Figure 1. Imaging mechanism of the FSS.
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Figure 2. Difficulties in object classification using a 2D sonar image.
Figure 2. Difficulties in object classification using a 2D sonar image.
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Figure 3. Pipeline of the proposed underwater object classification method.
Figure 3. Pipeline of the proposed underwater object classification method.
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Figure 4. Elevation angle restoration using the highlight extension effect as the FSS approaches an object.
Figure 4. Elevation angle restoration using the highlight extension effect as the FSS approaches an object.
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Figure 5. Calculation of an object’s coordinates using the highlight extension.
Figure 5. Calculation of an object’s coordinates using the highlight extension.
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Figure 6. Architecture of the neural network (NN) in the proposed method. The number in parentheses means the number of nodes in the layer.
Figure 6. Architecture of the neural network (NN) in the proposed method. The number in parentheses means the number of nodes in the layer.
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Figure 7. Front slope of the generated point cloud.
Figure 7. Front slope of the generated point cloud.
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Figure 8. Modeling of the front slope using navigational data of the autonomous underwater vehicle (AUV).
Figure 8. Modeling of the front slope using navigational data of the autonomous underwater vehicle (AUV).
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Figure 9. Hidden surface removal by analyzing the scan line of the FSS.
Figure 9. Hidden surface removal by analyzing the scan line of the FSS.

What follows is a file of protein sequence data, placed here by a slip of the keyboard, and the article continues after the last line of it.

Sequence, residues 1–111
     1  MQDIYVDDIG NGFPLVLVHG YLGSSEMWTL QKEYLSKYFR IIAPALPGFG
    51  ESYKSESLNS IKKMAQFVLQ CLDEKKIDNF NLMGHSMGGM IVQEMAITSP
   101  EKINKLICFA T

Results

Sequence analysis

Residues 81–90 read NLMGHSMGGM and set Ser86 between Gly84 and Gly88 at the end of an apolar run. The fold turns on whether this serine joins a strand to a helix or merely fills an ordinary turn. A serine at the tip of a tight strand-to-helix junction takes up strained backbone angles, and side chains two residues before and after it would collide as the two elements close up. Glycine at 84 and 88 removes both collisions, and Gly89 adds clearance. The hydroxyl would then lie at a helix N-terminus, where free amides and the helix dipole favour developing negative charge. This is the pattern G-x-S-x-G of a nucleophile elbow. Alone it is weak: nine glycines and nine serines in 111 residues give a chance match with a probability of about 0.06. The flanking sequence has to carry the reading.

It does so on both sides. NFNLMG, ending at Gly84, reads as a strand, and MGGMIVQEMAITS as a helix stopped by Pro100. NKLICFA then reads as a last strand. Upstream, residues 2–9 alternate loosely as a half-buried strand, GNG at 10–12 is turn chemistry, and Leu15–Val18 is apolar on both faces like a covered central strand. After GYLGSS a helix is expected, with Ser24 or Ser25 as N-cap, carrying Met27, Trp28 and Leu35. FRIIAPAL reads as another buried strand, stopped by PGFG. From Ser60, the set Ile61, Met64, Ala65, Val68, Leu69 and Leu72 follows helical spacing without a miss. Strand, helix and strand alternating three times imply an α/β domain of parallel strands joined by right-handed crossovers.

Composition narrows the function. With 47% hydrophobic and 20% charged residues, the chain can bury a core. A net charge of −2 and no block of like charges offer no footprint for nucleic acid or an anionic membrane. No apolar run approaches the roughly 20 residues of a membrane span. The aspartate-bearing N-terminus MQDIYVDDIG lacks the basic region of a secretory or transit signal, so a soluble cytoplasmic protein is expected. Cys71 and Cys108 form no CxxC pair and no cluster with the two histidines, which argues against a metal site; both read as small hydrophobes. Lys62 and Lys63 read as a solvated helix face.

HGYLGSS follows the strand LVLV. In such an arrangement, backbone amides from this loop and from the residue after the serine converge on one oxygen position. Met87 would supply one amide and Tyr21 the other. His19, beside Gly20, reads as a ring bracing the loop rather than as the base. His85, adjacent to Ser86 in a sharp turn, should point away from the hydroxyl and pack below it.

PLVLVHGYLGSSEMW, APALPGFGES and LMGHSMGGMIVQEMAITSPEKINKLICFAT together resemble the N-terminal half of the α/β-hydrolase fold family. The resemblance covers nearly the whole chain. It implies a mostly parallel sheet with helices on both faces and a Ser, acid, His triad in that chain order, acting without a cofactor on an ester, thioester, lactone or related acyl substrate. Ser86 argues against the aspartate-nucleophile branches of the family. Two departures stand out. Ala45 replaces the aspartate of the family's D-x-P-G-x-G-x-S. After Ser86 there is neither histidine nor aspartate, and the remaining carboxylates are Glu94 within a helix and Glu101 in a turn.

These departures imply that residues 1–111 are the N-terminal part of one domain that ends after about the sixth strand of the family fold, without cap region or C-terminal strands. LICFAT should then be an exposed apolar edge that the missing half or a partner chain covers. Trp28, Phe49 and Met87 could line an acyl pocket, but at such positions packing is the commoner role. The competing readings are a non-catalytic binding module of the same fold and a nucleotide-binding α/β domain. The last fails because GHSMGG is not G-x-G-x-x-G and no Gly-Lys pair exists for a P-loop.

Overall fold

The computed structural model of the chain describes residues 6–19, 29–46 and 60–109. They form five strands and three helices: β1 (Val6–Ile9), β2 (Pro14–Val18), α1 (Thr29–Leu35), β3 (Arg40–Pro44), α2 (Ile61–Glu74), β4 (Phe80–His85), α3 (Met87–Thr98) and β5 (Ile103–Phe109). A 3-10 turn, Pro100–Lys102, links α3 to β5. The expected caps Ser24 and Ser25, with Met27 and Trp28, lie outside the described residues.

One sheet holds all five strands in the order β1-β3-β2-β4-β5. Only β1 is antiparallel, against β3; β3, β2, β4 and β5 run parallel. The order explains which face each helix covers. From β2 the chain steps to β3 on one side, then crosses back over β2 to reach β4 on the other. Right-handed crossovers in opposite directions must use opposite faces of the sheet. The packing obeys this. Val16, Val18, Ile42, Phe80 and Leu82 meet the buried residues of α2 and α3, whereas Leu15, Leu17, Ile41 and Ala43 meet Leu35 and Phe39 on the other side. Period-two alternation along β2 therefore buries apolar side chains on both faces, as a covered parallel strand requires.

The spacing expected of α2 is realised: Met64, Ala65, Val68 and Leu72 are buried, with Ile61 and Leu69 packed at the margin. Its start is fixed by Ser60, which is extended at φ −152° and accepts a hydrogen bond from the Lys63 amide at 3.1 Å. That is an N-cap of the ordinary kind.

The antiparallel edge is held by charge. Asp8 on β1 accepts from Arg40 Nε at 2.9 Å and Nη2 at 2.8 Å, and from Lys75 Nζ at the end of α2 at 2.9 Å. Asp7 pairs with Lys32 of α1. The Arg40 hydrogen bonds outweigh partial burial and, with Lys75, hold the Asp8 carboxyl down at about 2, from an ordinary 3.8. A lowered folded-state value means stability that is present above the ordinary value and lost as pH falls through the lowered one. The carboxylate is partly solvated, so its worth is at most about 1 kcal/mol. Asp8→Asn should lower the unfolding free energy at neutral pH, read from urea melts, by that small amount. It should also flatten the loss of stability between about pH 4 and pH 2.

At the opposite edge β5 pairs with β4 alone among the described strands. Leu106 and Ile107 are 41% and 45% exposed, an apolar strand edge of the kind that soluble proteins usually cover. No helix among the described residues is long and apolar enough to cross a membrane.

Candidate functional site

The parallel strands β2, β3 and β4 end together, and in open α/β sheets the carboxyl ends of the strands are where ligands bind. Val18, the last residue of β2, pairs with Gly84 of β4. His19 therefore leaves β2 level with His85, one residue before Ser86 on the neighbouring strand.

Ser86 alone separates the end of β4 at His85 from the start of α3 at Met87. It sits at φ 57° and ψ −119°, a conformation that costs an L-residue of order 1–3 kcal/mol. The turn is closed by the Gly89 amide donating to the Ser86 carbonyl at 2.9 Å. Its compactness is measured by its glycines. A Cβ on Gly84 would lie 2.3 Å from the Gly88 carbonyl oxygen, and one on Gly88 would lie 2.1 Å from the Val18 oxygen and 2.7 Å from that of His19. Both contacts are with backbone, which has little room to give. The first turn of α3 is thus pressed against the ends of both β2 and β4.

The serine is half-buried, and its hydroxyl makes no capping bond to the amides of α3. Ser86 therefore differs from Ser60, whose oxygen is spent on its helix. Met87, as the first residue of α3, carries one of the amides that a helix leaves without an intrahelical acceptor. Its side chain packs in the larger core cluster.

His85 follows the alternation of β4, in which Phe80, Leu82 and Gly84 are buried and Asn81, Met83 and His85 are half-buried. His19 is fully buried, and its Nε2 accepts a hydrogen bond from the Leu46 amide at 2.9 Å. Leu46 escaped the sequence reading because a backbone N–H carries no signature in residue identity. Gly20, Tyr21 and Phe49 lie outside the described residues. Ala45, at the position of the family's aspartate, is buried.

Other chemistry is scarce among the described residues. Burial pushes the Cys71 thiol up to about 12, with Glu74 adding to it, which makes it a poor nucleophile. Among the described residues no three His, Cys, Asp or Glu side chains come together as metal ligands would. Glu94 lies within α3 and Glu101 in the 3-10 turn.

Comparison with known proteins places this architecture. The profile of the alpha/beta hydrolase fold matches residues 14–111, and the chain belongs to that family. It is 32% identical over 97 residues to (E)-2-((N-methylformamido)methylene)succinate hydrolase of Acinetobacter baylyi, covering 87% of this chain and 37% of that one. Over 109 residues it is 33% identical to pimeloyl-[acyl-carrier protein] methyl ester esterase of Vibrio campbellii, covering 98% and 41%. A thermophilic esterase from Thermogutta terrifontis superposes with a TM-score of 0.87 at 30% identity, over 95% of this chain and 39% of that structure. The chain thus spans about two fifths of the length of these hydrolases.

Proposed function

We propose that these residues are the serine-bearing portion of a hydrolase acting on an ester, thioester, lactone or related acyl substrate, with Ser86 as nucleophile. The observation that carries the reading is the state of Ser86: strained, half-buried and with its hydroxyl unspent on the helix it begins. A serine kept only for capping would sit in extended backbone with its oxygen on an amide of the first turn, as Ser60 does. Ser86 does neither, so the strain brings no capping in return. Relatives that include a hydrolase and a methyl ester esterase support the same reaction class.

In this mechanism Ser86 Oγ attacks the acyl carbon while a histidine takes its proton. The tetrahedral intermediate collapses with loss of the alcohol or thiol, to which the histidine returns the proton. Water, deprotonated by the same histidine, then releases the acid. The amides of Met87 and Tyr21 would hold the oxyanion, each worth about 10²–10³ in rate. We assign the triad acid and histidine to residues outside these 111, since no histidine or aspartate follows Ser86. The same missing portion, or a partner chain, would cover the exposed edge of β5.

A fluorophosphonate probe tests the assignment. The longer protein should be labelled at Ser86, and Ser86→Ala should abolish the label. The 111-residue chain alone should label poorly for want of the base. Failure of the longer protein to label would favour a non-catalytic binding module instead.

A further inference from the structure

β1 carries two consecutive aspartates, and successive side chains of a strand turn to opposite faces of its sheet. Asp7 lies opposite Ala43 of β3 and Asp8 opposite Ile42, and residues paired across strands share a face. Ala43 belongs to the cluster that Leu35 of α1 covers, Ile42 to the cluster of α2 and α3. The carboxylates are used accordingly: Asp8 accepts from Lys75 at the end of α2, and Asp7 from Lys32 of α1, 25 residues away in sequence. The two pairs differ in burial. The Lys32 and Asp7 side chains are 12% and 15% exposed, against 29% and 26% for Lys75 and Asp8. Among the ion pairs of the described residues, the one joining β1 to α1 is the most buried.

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Figure 10. Design of the simulation experiment to verify the object classification using the sonar-based point cloud generation.
Figure 10. Design of the simulation experiment to verify the object classification using the sonar-based point cloud generation.
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Figure 11. Point cloud generation results of the simulation. (a) Objects modeled in 3D. (b) Synthesized sonar images while moving the FSS. (c) Generated point clouds of the objects.
Figure 11. Point cloud generation results of the simulation. (a) Objects modeled in 3D. (b) Synthesized sonar images while moving the FSS. (c) Generated point clouds of the objects.
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Figure 12. Synthesizing training point clouds from 3D-modeled objects (artificial reefs). (a) Rough 3D models of the artificial reefs. (b) Point clouds synthesized from the 3D models. (c) Normalized and noise-added point clouds for training.
Figure 12. Synthesizing training point clouds from 3D-modeled objects (artificial reefs). (a) Rough 3D models of the artificial reefs. (b) Point clouds synthesized from the 3D models. (c) Normalized and noise-added point clouds for training.
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Figure 13. Field experiment for the artificial reef classification.
Figure 13. Field experiment for the artificial reef classification.
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Figure 14. Point clouds of artificial reefs generated in field experiments.
Figure 14. Point clouds of artificial reefs generated in field experiments.
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Table 1. Specifications of the AUV ’Cyclops’.
Table 1. Specifications of the AUV ’Cyclops’.
FeaturesSpecifications
Dimension0.9 m (width) × 1.5 m (length) × 0.9 m (height)
Weight210 kg in air
Depth rating100 m
Power source600 Wh Li-Po battery × 2
Computing SystemPC-104 (Intel Atom @ 1.66 GHz) × 2
Propulsion8 thrusters (2 for surge, 4 for sway, 2 for heave)
Max speed2 knots
SensorsForward-Scan Sonar (1.8 MHz)
Doppler Velocity Logger (1.2 MHz)
Digital pressure transducer
Fiber-optic gyro
Table 2. Specifications of the DIDSON.
Table 2. Specifications of the DIDSON.
FeaturesSpecifications
Operating frequency1.8 MHz
Field of view0.42–46.25 m (in range)
−14.5–14.5 (in azimuth)
−7–7 (in elevation)
Beam spreading angle14
Beam width0.3
Max resolution0.3
Image size512 × 96
Frame rate4–21 fps